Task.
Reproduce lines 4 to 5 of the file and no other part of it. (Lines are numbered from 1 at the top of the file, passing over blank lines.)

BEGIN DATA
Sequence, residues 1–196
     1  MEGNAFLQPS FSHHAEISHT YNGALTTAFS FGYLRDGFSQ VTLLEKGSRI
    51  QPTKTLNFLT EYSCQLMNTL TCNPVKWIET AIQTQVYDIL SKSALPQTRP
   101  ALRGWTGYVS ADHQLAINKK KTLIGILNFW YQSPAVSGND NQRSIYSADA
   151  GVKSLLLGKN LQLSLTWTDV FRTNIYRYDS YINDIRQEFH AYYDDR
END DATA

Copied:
   101  ALRGWTGYVS ADHQLAINKK KTLIGILNFW YQSPAVSGND NQRSIYSADA
   151  GVKSLLLGKN LQLSLTWTDV FRTNIYRYDS YINDIRQEFH AYYDDR